The Canadian Agricultural Hall of Fame Display
The Canadian Agricultural Hall of Fame honours men and women who have made outstanding contributions to Canada’s agriculture and food industries. Located in Toronto, the Hall of Fame was established in 1960 and is open annually during the Royal Agricultural Winter Fair. Thanks to our donors, the Canada Agriculture and Food Museum will recognize selected Hall of Fame members each year. This year, theme is wheat rust prevention, focusing on cereal production and ongoing efforts in the early 20th century to find solutions to this perennial problem.
The Struggle Against Wheat Rust
Rust is a plant disease that affects grain — including wheat, Canada’s most important crop. Rust is an airborne disease that weakens stems and leaves, reducing yields. Caused by several related species of fungi (Puccinia spp.), rust flourishes during wet weather. Since the mid-19th century, Canadian farmers and plant scientists have worked to develop rust-resistant wheat. This work continues as new strains of rust emerge to threaten grain crops. These Hall of Fame members demonstrate early efforts to confront the challenge of wheat rust in Canada.
David Fife was nominated by the David Fife Memorial Society, and was inducted in 1963.
Wheat rust was well known to 19th-century Canadian grain farmers. In the 1840s, Peterborough, Ontario farmer David Fife (1805–1877) began searching for rust-resistant varieties of wheat. In 1842, Fife secured seeds of a disease-resistant wheat from Eastern Europe. He grew and distributed this variety, which was named “Red Fife” in his honour. In the 1880s, it was planted across Western Canada, which became a major wheat-growing region following construction of the Canadian Pacific Railway.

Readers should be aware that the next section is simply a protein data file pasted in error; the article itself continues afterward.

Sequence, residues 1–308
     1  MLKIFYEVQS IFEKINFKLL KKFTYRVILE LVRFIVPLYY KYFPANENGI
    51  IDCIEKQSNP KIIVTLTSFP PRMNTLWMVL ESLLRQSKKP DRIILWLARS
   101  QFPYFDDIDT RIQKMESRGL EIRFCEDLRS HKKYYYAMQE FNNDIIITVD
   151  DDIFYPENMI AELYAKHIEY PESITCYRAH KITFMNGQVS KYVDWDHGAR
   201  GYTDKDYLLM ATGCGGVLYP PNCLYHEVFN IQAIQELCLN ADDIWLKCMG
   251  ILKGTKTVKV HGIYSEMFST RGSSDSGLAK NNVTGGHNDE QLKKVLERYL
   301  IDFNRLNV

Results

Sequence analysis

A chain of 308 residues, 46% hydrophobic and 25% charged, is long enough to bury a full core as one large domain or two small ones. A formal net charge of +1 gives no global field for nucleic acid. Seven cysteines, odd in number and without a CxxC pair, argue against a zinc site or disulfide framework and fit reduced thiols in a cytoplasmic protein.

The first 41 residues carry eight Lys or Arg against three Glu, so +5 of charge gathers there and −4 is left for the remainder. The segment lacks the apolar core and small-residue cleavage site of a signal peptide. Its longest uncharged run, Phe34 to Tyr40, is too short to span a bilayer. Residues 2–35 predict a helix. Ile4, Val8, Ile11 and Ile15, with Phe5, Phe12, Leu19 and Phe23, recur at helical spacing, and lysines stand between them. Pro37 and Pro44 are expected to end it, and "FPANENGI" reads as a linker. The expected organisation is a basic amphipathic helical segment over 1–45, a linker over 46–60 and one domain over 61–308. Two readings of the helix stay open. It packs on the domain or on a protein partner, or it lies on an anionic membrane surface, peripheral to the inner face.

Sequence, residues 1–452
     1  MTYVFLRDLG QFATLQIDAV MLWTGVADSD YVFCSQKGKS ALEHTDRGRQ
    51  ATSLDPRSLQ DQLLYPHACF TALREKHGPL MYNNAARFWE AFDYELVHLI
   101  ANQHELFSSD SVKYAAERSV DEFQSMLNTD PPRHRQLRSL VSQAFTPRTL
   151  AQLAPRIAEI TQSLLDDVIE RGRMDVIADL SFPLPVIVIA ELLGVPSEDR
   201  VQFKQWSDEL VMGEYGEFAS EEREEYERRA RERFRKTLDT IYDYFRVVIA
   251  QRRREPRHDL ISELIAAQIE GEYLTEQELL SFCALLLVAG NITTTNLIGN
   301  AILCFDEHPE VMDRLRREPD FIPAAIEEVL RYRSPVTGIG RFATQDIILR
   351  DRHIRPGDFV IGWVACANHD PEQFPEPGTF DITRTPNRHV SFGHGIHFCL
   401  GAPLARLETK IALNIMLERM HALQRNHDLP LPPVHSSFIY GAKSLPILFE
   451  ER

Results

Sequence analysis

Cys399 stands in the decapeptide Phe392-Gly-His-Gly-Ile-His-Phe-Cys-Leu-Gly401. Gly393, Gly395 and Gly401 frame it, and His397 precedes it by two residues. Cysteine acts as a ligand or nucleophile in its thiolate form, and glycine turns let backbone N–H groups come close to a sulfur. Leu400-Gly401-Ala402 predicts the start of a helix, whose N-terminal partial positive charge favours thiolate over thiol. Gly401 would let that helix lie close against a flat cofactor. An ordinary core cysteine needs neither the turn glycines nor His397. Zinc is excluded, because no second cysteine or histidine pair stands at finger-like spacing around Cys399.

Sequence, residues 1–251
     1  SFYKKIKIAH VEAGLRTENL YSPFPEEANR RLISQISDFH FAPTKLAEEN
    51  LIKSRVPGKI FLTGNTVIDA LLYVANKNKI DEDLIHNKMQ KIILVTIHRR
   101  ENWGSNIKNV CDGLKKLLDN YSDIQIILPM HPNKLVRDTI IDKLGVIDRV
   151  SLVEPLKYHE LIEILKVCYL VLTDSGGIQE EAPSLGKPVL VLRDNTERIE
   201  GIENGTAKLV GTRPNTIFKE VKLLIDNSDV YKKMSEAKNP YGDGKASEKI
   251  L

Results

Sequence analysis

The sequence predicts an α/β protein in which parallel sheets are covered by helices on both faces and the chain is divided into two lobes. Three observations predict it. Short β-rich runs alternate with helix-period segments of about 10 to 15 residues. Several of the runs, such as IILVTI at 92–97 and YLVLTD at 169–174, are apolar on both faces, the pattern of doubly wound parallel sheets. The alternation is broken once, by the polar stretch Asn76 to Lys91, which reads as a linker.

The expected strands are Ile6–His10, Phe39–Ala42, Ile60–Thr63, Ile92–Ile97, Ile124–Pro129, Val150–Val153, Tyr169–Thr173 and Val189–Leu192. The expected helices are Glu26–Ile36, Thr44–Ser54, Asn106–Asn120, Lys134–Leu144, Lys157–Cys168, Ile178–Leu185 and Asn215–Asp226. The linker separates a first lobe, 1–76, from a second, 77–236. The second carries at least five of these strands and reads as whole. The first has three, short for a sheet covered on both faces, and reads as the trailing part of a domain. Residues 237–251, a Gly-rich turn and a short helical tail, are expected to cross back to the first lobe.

Dr. E. Cora Hind was nominated by the
Canadian Women’s Press Club, and
The railway brought many settlers to the West, including Dr. E. Cora Hind (1861–1942). Hind was born in Toronto and emigrated to Winnipeg in 1882. She found work as a stenographer for farm organizations, and acquired first-hand knowledge of western farming. In 1901, the Winnipeg Free Press hired Hind as its first agricultural editor. An early feminist working in a male-dominated profession, Hind gained a reputation for crop-forecasting. She accurately predicted the impact of rust on western wheat harvests, curbing market speculation. While Canadian farmers benefitted from Hind’s forecasting, rust continued to evolve and affect previously resistant varieties, including “Red Fife.”
Dr. Charles Saunders was nominated by the Canadian Seed Growers’ Association, and was inducted in 1961.
Dr. Charles Saunders (1867–1937) was a researcher at the Central Experimental Farm, established in Ottawa in 1886. In 1903, Saunders began breeding wheat varieties suited to Western Canada’s shorter growing season. Crossing “Red Fife” with an Indian variety called “Hard Red Calcutta,” Saunders developed an early maturing, hard red spring wheat. Named “Marquis,” it was first widely distributed in 1909 and soon replaced “Red Fife” as Western Canada’s dominant wheat. “Marquis” and other grains, however, remained vulnerable to rust. When Saunders retired in 1923, the search for rust-resistant wheat continued.
Dr. Cyril Goulden was nominated by the Agricultural Institute of Canada, and was inducted in 1979.
Dr. Cyril Goulden (1897–1981) addressed the challenge of rust as a plant scientist. After a severe rust outbreak in 1916, the Canadian government established the Dominion Rust Research Laboratory. Goulden led the lab, which opened in Winnipeg in 1925. Over the following decades, Goulden worked with other scientists to develop several promising rust-resistant varieties. In the early 1950s, a new strain of rust caused severe losses in Western Canadian wheat, except in one variety, “Selkirk,” developed during Goulden’s tenure as chief cereals scientist. Under Goulden, Canadian researchers advanced knowledge of rust-resistance genetics — work that continues to this day.